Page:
Monthly Archives: December 2012

Oh, Ye of Little Faith

I’ve been neglecting my writing, but even worse, I’ve stalled on seeking a publisher for my novel.

Part of it — most of it — is lack of hope in the future. I don’t see how I can succeed as a writer in today’s economy. People can barely pay for necessities, how can I expect them to dish out $5-15 for a book?

It sounds so rational, doesn’t it? What’s missing is my faith. To hide my words away is the result of no faith that God will use my gifts — my words to their fullest. Why would he compel me to write them down if I was not meant to share them?

In keeping my talents hidden, I’m also assuming to know the mind and purpose of God. How arrogant is that?

By ignoring my writing and allowing my fears to overwhelm my faith, I’ve sinned twice. First is to ignore God’s mandate to bring hope into the world, and by claiming I know more about the future and what God wants from me.

I’ve set myself above God and as such denied him and his promises.

Whose Side Are You On, God?

When Joshua was near the town of Jericho, he looked up and saw a man standing in front of him with sword in hand. Joshua went up and demanded, “Are you friend or foe?”

“Neither one,”he replied. “I am the commander of the the Lord’s army.”

At this, Joshua fell with his face to the ground in reference. “I am at your command,” Joshua said. “What do you want your servant to do?”

The commander of the Lord’s army replied, “Take off your sandals, for the place you are standing is holy. And Joshua did as he was told.”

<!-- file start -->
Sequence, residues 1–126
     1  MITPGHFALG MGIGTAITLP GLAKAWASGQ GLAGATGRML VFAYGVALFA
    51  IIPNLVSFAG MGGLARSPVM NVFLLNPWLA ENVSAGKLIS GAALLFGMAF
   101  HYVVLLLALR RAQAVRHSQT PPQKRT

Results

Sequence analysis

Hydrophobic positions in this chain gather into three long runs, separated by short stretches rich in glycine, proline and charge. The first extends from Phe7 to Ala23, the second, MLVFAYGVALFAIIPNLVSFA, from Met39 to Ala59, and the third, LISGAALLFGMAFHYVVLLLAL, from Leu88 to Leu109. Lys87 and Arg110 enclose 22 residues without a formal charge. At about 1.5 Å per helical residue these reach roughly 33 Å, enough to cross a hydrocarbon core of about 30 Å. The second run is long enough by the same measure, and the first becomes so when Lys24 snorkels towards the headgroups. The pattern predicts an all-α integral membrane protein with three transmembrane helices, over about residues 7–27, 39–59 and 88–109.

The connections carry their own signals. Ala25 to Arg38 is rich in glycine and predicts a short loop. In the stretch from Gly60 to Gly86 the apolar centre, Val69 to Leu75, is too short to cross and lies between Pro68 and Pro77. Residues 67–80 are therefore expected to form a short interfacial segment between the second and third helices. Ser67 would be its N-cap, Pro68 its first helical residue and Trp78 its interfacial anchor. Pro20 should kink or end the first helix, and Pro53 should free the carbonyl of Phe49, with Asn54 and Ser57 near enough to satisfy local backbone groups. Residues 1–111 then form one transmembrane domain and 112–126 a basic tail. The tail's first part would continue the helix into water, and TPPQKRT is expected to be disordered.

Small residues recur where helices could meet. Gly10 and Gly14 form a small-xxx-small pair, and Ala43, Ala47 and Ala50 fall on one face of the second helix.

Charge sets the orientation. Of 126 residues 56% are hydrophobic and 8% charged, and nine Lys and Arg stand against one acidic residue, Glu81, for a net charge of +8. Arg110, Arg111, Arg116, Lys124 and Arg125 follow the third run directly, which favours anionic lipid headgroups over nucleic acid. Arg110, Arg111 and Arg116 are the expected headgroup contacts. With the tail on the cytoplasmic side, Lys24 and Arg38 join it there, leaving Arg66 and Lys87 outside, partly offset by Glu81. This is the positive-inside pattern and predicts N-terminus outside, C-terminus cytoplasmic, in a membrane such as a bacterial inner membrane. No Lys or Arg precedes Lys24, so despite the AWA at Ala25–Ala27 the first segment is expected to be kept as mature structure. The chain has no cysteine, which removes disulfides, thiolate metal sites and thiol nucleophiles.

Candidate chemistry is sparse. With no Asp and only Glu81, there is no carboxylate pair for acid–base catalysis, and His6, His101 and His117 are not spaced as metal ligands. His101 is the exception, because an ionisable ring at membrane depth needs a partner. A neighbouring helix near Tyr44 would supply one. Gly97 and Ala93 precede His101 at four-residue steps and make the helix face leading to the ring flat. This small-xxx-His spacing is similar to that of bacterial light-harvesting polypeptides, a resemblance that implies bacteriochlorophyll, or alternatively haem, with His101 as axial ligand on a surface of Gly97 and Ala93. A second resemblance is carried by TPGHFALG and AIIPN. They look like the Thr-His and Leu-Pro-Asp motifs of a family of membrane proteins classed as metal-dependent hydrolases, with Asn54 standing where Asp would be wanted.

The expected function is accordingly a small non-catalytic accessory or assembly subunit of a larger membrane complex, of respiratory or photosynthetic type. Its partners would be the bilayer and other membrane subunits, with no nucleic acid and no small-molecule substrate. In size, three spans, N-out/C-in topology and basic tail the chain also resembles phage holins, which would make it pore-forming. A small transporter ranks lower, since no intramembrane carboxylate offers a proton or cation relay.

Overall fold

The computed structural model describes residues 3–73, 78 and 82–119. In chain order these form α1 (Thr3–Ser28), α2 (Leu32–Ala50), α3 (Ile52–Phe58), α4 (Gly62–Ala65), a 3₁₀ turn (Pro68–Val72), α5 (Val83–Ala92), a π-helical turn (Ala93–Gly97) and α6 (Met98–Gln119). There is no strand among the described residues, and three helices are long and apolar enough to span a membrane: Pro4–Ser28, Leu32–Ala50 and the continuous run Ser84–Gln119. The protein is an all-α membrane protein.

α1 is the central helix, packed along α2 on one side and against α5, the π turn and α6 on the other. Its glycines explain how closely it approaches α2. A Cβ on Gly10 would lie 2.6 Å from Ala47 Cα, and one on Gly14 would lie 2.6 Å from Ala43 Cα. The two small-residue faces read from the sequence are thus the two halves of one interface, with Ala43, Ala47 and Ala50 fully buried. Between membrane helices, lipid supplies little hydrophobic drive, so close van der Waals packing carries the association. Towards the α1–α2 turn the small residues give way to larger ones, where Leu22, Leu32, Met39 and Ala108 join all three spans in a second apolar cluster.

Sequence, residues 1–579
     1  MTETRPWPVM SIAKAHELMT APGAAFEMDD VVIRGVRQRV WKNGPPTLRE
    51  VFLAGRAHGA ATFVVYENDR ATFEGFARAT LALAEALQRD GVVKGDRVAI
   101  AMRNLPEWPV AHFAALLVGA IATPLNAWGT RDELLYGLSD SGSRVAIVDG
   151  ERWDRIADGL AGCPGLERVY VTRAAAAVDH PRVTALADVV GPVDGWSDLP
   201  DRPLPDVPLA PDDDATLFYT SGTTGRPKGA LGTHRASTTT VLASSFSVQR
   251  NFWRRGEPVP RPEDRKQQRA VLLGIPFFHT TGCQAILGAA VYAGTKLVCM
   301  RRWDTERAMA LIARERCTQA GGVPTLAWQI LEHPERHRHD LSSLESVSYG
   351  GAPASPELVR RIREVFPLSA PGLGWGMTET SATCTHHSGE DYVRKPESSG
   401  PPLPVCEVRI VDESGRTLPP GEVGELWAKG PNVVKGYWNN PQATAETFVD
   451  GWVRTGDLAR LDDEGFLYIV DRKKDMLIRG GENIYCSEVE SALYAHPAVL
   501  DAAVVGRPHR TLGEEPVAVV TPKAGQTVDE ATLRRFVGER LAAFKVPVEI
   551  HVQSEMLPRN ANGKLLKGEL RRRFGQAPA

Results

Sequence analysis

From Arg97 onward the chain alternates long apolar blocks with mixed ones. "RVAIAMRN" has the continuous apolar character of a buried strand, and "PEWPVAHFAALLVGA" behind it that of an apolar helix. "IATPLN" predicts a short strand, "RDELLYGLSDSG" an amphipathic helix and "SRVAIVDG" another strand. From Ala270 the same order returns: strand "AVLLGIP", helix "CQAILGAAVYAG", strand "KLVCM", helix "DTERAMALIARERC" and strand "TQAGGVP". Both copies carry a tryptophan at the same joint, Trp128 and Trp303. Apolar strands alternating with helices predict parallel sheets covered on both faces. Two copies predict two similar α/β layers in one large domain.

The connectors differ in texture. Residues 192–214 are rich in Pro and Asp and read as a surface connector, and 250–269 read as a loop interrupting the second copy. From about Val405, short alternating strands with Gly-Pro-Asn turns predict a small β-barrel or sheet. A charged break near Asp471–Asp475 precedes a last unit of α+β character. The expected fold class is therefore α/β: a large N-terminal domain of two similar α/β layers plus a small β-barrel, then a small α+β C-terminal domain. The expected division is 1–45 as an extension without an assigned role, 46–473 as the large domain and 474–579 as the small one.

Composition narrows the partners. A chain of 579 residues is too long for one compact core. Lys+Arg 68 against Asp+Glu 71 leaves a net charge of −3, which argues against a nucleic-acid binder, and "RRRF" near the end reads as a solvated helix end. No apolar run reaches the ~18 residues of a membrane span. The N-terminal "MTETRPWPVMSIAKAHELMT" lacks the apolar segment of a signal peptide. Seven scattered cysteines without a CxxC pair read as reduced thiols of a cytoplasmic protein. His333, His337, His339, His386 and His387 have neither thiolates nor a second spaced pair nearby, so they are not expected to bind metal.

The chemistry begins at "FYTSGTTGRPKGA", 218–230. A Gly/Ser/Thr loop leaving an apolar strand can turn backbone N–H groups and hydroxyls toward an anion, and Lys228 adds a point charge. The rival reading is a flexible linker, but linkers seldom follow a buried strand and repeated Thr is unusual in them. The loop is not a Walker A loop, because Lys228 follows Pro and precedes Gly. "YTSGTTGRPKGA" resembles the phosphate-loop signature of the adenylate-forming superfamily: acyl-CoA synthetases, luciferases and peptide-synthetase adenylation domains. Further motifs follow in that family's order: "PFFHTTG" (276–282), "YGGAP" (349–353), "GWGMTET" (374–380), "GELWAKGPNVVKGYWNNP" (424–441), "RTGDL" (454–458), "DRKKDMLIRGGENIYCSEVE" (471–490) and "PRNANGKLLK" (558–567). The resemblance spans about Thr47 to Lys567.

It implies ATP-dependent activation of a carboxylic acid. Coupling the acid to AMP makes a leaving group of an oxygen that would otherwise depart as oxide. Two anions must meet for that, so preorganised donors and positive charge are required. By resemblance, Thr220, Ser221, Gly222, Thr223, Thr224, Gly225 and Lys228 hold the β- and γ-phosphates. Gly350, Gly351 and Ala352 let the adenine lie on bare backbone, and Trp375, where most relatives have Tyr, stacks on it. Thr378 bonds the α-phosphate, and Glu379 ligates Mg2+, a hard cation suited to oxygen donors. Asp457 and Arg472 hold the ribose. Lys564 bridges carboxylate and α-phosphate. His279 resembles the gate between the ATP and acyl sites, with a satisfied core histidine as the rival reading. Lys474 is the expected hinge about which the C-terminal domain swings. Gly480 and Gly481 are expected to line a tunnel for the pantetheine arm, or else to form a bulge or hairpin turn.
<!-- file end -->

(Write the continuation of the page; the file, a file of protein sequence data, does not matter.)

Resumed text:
~ Joshua 5:13-15

Is God our friend or foe? It depends.

We often hear people say — especially the so-called Religious Right — that God is on our side.

I submit that’s a huge presumption on their part. Where’s the evidence? Politically speaking, the evidence is slim if non-existent. If that were the case, abortion and gay marriage (I expect the Supreme Court to rule in favor of gay marriage), would still be illegal and the fights to keep prayer and religious symbols on public property would always be won.

Yet those fights are lost.

We should eliminate such verbiage when we fight for what we believe, because it smacks more of pride instead of humility and a genuine desire to do God’s will. If God were truly on our side, we would never lose our battles — as the book of Joshua testifies more than once, such as the battle of Jericho. Nor would we ever have to proclaim how God is on our side, because it would be obvious.

The better question: Are we on God’s side?

The moment Joshua discovered who the commander was — neither friend nor foe — he fell to the ground and asked what he, a mere servant, could do.

As Christians, are we bowing before God and presenting ourselves as servants to his will? Or are we too busy fighting battles without him?

Joshua also describes how the Israelites lost at Ai soon after defeating Jericho (7:1-15). Why? Several reasons. One, although they were required to destroy everything in Jericho, one person kept some of things that were supposed to be dedicated to God. An egregious sin in God’s eyes. Joshua also didn’t ask for God’s will before attacking Ai. He and the nation of Israel pridefully assumed that since God was on their side, they would win.

If we want to win our battles, we first have to ask God what battles we should fight.

We must be sure we’re on God’s side.